If you’re not making enough moolah (and let’s be honest, in this economy, who is?), the biggest favour you can do yourself is to pick up some financial management skills. Start by learning how to budget your expenses. Getting your spending under control does magical things, from giving you hope to dare to dream of retiring, to making you realise you don’t absolutely need to stay in a job with a toxic work environment.
No need to keep your receipts or pull out spreadsheets and excel files to track your expenditure though. Just download a nifty app from one of our suggestions below to help you get a grip on your expenses.
|Household Account Book||Free|
|YNAB||Free for 34 days, then it’s $16.28/month or $114.08/year|
$2.70/month or $33.94/year
|Toshl||$6.78/month, $54.31/year or $162.93/36 months. Without bank account syncing, it’s $4.06/month, $27.13/year or $81.42/36 months.|
Household Account Book
Need some kawaii cartoon characters to motivate yourself to budget? Household Account Book is so adorable you’ll be dying to save money together with mascot Pisuke.
The app itself is fairly simple — you manually log your income and expenses, and then see how much you have left for the month at the top of the screen, as well as the breakdown of your monthly spending with a pie chart. The app then sends you alerts to inform you how much you have left for the month.
What’s unique is its comic book feature which entices you to continue using the app in order to gain more access to its contents. You can also download cute wallpapers for your phone.
This is a great app for people with a love for cute stuff and aren’t looking for something particularly advanced.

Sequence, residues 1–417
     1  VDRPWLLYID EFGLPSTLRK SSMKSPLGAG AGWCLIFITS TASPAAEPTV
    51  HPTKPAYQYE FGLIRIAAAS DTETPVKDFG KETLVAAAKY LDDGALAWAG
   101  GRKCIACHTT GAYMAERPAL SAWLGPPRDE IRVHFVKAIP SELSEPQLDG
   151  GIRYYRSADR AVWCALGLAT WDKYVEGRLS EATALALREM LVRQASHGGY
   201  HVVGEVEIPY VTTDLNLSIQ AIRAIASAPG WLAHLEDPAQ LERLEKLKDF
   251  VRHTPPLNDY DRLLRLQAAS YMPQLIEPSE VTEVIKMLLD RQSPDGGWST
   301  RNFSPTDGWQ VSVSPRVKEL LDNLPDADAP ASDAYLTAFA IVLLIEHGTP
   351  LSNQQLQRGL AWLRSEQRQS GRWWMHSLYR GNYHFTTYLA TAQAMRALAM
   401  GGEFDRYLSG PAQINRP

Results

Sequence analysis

Spendee has all the features you could possibly look for in a budgeting app, but at a price. The free version does not offer account syncing, so you’ll need to input and categorise all your income and spending info manually.
For US$14.99 (S$20.36) a year, you get Spendee Plus, which gives you an unlimited number of cash wallets and budgets, and can also import and export your transactions from your accounts so you don’t have to key everything in manually. Meanwhile, their top tier Premium account, which costs US$22.99 (S$31.22), lets you sync your bank accounts, which basically automates the entire process of tracking your spending.
This is an expensive but feature-packed option. If you need extra help with reaching your savings goals but don’t want to pay, the free version works just fine so long as you bother to input your income and spending.
Here’s another app that purports to help you get your financial life in order… for a fee. You Need A Budget, or simply YNAB, offers a free trial that lasts 34 days. After trying it out, you can opt to pay US$11.99 (S$16.28) a month or US$84 (S$114.08) a year. At such prices, they’d better be helping you save money!
Note that linking of accounts is limited to the US and Canada, so the rest of us will have to add everything manually.
YNAB’s main differentiating factor is that the app acts more like a trainer than just an app for recording spending. When your money comes in, you need to decide ahead of time what you’re going to use it on by assigning categories to the amounts. The idea is that you should check your budget each time you spend, so you know which categories you can still spend on.
That is a lot of work, so it’s most useful to people who are actually struggling financially, and not those who simply want to record spending. Seriously though, the app is clunky to use, which makes it daunting for beginning budgeters. And at such prices, it’s more worth it to figure out your own low tech budgeting system.